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is S5 0014+81.

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40 billion times the mass of our sun.

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It is 236.7 billion kilometers in diameter,

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which is 47 times the distance from the sun to Pluto.

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As powerful as black holes are,

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they will eventually evaporate through a process called Hawking radiation.

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To understand how this works,

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we have to look at empty space.

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Empty space is not really empty,

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but filled with virtual particles popping into existence

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and annihilating each other again.

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When this happens right on the edge of a black hole,

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one of the virtual particles will be drawn into the black hole,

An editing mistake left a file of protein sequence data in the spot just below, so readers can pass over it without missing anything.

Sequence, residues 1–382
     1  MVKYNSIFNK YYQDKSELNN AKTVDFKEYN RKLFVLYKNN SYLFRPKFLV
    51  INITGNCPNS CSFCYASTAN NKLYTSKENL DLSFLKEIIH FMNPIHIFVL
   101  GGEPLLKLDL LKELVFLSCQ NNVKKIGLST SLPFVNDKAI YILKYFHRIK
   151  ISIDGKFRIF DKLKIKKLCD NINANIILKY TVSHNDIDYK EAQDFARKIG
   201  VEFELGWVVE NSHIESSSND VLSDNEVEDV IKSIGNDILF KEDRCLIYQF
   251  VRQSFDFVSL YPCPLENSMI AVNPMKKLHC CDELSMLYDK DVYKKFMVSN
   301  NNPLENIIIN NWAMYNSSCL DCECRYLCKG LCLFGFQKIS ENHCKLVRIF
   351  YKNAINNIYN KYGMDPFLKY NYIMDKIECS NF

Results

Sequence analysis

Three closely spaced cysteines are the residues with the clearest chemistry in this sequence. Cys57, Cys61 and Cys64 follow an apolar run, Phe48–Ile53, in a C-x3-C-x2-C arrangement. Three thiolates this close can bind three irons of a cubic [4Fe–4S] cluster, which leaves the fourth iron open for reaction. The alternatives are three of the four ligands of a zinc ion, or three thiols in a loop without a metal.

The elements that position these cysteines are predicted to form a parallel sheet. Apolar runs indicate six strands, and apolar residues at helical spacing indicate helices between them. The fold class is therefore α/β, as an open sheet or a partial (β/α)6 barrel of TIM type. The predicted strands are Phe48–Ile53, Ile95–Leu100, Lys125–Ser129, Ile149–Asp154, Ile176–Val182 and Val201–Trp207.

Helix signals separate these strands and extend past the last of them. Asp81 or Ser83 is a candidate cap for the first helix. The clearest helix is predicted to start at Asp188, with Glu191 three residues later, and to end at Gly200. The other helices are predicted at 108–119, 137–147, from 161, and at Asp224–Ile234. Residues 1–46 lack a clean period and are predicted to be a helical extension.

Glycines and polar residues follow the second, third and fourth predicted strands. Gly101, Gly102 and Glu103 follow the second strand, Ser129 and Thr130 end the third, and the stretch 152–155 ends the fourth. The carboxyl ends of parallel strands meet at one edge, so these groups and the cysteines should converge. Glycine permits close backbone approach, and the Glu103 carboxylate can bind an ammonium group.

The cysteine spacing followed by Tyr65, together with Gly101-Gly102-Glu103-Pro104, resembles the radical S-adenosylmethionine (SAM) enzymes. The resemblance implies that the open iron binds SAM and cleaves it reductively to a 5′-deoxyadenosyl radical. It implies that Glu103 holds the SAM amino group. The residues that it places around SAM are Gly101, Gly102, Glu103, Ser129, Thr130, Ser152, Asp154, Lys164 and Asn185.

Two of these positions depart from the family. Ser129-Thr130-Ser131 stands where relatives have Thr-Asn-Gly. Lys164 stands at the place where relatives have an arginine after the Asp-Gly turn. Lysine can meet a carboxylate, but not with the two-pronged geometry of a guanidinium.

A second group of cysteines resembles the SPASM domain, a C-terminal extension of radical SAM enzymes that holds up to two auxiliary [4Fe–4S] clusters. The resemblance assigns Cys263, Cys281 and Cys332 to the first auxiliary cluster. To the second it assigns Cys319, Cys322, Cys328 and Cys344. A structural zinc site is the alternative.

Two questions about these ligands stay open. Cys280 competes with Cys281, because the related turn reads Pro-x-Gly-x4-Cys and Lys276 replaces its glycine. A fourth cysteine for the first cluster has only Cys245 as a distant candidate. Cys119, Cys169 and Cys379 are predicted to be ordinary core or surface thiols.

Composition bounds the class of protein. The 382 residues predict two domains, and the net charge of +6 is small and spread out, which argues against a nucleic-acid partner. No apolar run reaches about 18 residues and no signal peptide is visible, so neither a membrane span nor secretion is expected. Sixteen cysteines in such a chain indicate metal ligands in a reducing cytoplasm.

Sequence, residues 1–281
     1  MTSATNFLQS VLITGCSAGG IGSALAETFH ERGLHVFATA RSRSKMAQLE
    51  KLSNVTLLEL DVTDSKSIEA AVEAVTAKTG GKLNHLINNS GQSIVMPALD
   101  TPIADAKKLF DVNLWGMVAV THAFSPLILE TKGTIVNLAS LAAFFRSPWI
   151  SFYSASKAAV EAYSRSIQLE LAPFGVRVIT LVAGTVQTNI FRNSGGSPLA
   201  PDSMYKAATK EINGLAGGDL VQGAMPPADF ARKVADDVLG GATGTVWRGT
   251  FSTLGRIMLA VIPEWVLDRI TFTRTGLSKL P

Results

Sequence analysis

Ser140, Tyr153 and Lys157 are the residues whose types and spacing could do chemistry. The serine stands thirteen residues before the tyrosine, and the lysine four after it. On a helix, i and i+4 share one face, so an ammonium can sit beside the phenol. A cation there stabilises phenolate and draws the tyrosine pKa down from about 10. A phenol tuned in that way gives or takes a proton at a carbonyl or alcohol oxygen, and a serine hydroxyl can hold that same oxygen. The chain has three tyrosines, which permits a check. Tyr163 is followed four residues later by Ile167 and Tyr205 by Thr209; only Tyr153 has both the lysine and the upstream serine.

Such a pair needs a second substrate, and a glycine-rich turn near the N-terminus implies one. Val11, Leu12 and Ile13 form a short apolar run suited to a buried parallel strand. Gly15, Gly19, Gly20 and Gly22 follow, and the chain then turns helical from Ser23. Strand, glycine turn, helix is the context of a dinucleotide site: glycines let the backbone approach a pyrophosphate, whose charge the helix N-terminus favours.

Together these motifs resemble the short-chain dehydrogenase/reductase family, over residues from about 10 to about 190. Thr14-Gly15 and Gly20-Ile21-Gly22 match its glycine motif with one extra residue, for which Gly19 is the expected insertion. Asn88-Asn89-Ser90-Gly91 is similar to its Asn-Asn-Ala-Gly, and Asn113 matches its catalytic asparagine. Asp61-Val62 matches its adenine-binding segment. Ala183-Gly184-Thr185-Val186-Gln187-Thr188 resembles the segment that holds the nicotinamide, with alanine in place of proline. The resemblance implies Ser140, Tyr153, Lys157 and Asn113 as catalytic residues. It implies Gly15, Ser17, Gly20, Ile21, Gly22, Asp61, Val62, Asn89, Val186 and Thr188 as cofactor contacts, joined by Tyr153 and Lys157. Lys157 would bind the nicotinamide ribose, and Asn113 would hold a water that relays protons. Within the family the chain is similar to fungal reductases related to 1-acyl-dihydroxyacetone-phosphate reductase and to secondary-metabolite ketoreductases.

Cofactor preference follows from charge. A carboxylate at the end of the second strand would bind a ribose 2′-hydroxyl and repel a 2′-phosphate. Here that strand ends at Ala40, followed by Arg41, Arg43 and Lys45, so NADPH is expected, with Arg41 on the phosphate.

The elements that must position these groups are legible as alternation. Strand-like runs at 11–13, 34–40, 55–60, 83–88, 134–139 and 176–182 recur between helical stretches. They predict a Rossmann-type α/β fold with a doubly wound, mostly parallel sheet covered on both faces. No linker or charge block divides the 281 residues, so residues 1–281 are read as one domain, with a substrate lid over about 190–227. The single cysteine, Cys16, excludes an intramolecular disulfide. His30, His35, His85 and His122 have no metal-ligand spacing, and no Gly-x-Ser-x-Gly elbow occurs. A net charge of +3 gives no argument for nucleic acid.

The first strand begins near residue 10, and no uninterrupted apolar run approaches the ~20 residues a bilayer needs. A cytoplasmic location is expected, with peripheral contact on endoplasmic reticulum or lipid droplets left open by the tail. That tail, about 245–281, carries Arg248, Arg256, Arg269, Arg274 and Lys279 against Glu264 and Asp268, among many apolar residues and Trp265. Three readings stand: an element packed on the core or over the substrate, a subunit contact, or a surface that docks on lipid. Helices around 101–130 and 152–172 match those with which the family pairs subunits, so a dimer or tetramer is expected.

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and the other will escape and become a real particle.

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So the black hole is losing energy.

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This happens incredibly slowly at first,

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and gets faster as the black hole becomes smaller.

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When it arrives at the mass of a large asteroid,

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its radiating at room temperature.

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When it has the mass of a mountain,

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it radiates with about the heat of our sun.

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and in the last second of its life,

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the black hole radiates away with the energy of billions of nuclear bombs in a huge explosion.

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But this process is incredibly slow,

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The biggest black holes we know,

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might take up a googol year to evaporate.

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This is so long that when the last black hole radiates away,

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nobody will be around to witness it.

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The universe will have become uninhabitable,

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long before then.

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This is not the end of our story,

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there are loads more interesting ideas about black holes,

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we’ll explore them in part 2.